Turning to the referendum, the overall view both in Athens and in Cyprus, was that Annan 5 was bound to fail. It seems to be more about Turkey than about Cyprus, to the Greek Cypriots. Whilst Annan 3 might have had a better chance, I suspect that would also have failed. There is great resentment over the accusation that the referendum failed because of a lack of leadership. This is not only factually inaccurate, as is shown by the exit polls (see my speech in the Adjournment Debate on Tuesday the 6th of July 2004), but also suggests that the Greek Cypriots could not think for themselves. They are educated people and are well able to analyse the issues. This is shown by the reaction of many of those who have campaigned long and hard for rapprochement with Turkish Cypriots, who came to the conclusion that they should vote no, often for different reasons. If there was any leadership failure, it was an overstatement by certain leaders, that they could deliver their supporters for a yes vote, when realistically they had no prospect of selling what was regarded as an unsaleable product by their own people. This is shown, for example, by the serious divisions within AKEL which meant that the leadership had to change their position: whilst the leadership supported the yes vote, they could not bring the central committee with them, thus leading to the "finessing" of their position, calling for postponement of the referendum. DISY suffered badly for their support, in the subsequent European election campaign.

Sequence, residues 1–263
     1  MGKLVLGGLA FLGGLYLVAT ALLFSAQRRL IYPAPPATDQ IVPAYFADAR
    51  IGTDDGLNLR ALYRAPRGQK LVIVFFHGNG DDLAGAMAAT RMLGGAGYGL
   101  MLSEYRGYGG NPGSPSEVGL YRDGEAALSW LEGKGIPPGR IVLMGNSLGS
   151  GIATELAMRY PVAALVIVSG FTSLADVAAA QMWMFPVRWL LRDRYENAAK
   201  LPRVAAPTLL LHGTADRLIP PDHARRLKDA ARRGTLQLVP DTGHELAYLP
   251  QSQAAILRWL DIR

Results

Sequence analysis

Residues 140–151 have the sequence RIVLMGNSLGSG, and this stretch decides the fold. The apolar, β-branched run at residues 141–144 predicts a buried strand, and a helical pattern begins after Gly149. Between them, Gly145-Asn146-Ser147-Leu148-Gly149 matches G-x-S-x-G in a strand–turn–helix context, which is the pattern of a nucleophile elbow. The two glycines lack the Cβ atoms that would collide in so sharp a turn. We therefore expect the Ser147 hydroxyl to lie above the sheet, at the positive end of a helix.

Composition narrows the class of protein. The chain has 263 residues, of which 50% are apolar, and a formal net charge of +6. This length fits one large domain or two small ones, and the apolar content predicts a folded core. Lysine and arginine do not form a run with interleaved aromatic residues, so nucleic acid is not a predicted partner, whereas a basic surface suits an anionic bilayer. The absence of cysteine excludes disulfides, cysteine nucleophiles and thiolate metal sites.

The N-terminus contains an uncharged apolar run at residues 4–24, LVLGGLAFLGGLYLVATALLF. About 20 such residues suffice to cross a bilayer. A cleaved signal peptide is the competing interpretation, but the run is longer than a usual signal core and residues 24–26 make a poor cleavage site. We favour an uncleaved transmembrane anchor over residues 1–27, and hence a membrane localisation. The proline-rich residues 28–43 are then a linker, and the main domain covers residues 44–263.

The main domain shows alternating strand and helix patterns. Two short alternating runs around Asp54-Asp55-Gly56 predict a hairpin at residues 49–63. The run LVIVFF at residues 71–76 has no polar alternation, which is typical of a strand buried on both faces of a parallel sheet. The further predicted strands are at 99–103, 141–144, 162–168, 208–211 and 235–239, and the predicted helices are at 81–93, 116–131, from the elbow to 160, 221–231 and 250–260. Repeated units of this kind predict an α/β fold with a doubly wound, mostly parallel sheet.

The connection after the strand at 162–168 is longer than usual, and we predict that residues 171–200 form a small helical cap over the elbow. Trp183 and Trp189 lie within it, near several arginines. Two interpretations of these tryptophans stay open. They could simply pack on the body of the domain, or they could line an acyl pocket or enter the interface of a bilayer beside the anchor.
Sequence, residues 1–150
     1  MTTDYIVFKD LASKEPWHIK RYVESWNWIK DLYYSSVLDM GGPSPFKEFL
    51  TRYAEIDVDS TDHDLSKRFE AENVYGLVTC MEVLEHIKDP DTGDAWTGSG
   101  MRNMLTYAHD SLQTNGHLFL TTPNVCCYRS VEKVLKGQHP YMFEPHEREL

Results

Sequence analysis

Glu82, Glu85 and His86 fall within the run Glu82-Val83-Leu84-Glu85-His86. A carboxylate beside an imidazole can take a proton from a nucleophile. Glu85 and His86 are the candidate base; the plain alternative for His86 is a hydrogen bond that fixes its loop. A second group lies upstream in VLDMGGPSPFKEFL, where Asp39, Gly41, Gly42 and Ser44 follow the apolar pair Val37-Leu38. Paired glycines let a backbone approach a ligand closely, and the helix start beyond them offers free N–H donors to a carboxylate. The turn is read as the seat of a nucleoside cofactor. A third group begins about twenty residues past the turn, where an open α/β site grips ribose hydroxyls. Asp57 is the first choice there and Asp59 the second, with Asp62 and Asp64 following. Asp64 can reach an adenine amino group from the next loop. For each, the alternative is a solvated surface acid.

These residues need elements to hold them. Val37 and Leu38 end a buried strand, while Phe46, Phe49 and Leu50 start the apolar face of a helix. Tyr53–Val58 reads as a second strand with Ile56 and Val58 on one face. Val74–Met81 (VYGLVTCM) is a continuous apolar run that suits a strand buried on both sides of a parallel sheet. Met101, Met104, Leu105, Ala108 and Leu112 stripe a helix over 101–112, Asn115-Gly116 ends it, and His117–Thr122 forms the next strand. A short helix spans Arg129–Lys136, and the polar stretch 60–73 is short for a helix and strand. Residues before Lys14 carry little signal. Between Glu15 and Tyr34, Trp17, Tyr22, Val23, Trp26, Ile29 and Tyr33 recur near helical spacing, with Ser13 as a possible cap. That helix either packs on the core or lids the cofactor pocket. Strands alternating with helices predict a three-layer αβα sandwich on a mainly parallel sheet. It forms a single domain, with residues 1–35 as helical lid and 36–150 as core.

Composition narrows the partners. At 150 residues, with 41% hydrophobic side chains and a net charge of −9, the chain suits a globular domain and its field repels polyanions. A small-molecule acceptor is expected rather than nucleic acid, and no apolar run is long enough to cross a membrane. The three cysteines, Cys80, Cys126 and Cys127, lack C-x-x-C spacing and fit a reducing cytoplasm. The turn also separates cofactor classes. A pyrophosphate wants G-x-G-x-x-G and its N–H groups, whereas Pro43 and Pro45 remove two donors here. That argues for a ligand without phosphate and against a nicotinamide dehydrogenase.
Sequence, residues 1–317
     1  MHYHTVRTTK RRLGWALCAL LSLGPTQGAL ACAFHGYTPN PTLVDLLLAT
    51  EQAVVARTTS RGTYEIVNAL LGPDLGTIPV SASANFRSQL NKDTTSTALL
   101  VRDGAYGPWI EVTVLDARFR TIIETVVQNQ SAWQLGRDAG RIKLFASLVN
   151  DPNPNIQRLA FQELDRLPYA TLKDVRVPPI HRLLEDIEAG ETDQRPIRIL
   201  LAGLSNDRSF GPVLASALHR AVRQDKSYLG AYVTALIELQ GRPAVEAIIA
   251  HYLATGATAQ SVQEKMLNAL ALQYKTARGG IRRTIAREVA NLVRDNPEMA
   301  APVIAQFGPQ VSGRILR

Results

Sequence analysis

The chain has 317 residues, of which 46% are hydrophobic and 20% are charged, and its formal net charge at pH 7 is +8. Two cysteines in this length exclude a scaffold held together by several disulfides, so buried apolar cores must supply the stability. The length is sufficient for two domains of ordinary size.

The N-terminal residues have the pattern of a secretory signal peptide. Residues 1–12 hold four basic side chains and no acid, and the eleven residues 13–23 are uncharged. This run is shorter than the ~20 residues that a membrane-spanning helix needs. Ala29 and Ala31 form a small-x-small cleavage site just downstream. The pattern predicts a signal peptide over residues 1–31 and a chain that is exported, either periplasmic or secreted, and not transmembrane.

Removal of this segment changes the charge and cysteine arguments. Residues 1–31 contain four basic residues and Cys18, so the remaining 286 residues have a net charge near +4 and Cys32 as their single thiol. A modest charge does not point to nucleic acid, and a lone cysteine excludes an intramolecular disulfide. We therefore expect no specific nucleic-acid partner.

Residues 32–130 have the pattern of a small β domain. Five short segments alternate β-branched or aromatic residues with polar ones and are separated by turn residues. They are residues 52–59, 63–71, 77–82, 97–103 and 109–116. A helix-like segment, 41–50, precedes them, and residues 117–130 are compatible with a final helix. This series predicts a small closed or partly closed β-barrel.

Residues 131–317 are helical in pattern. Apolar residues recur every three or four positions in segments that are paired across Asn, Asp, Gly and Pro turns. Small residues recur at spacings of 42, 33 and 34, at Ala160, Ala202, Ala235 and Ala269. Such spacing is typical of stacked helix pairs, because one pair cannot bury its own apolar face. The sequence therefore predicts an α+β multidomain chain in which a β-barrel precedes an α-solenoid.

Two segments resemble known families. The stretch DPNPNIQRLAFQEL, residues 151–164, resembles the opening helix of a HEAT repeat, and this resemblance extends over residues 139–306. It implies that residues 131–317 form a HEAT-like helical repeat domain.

It seems to me that UK policy must aim to do what we can, to restore equilibrium in our relationships with Cyprus. We have to work to bring the prosolution forces in the North and the South together. We have to support progressive forces in the North, who are under threat from a resurgent Denktashh. There is little prospect of a major international initiative from the outside. Indeed, it seems that whenever proposals come from outside these are doomed to failure. There is little enthusiasm from the UN to attempt another initiative in the immediate future. What we ought to do is to help create the climate for a solution from inside the island, looking at confidence building measures.